Aimee Copeland, 24, has already lost her left leg to a rare flesh-eating infection, and now it appears that she is likely to lose her hands and remaining foot, her family reports. The Gerogia student has shown some signs of recovery, however, so her family is staying optimistic.
Andy Copeland, the woman’s father, said, “Aimee appears to have normal brain function at this time, which is something I’m celebrating because within Aimee we have a very compassionate heart and an incredible mind of intellect.”
Aimee Copeland suffered a cut on her left calf when she fell from a homemade zip line on May 1 near the Little Tallapoosa River. The wound was cleaned and closed by doctors at a nearby hospital. Bacteria had apparently burrowed deep into the wound and caused necrotizing fasciitis, which is a deadly infection that is quite rare. She lost her leg to the infection last week.
Andy Copeland told ABC affiliate WSB-TV, “I couldn’t conceive of what it would be like for my daughter to lose her hands and the only other foot she has, as well, and that appears to be what is going to happen…The most important thing is my daughter is still alive.”
Aimee Copeland is still in critical condition, dependent upon a ventilator to breathe. Her family said she’s coherent and that she can communicate by nobbing and shaking her head. Her sister Paige said that Aimee used a shake of the head to choose the Grateful Dead over the Rolling Stones on Thursday.
Paige Copeland said, “I just told her if she keeps improving like this, she’ll be out of here in no time.”
Copeland is unable to speak because of the ventilator, but a local newspaper reports that she has mouthed “Where am I?” and “What happened?” The newspaper, the Atlanta Journal-Constitution, reports that her family has started to answer her questions but has not yet told her about the loss of her leg.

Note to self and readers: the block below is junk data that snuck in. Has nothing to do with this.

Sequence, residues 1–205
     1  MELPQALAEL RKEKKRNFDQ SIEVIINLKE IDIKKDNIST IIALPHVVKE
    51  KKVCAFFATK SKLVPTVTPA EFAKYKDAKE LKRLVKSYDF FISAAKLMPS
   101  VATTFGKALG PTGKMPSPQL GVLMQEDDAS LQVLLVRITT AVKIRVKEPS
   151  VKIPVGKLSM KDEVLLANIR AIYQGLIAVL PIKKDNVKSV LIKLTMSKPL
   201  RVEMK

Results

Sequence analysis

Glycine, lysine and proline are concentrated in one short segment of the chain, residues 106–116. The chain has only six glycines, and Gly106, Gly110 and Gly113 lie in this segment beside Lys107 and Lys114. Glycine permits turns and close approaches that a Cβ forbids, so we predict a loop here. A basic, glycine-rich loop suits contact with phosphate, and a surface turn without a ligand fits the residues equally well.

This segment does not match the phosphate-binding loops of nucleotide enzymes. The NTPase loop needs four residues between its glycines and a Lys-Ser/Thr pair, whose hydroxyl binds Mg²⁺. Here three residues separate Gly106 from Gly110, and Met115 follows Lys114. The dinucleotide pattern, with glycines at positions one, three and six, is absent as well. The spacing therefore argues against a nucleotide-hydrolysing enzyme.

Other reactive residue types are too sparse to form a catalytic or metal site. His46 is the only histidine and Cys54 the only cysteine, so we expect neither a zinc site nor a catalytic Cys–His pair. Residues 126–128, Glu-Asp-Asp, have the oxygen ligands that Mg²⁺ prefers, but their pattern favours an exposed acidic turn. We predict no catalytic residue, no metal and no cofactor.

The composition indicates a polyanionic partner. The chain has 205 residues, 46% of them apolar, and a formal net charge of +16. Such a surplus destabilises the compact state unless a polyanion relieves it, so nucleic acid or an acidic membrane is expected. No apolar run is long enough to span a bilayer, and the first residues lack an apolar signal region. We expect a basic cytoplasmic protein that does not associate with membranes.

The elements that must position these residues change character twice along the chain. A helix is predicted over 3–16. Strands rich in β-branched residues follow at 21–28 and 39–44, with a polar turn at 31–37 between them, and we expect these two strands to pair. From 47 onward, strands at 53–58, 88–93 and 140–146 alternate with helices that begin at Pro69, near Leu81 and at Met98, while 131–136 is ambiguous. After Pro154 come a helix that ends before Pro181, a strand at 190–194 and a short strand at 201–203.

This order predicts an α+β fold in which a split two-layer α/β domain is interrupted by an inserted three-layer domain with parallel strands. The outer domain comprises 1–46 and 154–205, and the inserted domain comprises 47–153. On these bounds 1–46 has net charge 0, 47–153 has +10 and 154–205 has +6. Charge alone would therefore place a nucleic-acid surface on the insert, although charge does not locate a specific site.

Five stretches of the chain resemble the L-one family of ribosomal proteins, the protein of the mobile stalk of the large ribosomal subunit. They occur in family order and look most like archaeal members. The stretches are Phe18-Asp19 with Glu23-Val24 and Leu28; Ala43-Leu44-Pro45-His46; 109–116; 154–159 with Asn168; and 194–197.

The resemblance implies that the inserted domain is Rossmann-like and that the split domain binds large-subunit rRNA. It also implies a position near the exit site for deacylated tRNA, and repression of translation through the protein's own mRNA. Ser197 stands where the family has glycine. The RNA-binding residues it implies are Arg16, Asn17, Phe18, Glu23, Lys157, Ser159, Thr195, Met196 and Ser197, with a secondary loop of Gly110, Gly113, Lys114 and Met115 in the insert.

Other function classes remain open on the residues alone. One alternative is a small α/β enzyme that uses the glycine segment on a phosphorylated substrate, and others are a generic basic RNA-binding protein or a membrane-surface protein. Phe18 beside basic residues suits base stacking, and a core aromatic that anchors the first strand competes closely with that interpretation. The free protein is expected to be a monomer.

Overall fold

Aeromonas hydrophila, the bacteria that triggered the infection, in fresh water like the river where Copeland was zip lining with friends. It also tends to do well in warm climates. Experts say that the common germ rarely leads to flesh-eating disease, but the diease is deadly. A 2010 report in the journal Clinical Microbiology Reviews stated that mortality rates for Aeromonas-related necrotizing fasciitis are over 60 percent.
ABC News chief health and medical editor Dr. Richard Besser said, “This was a perfect storm…She had an injury to her leg, she was exposed to water then had this germ, and she was one of those people where the germ just took off.”
Copeland was flown to Joseph M. Still Burn Center in Augusta, Ga. after her leg was amputated. Since then, her recovery has been rough. Doctors were forced to resuscitate her one week after the accident when her heart stopped beating.
Students and faculty gathered for a vigil on Thursday night at the University of West Georgia. Copeland had been working on completing a masters degree in psychology there.
Chris Aanstoos, a professor of psychology, told WSB-TV, “Despite the fact that medical evidence says she should be dead, she isn’t…I think that’s what makes it so precious to so many people to see how amazing she really is.”
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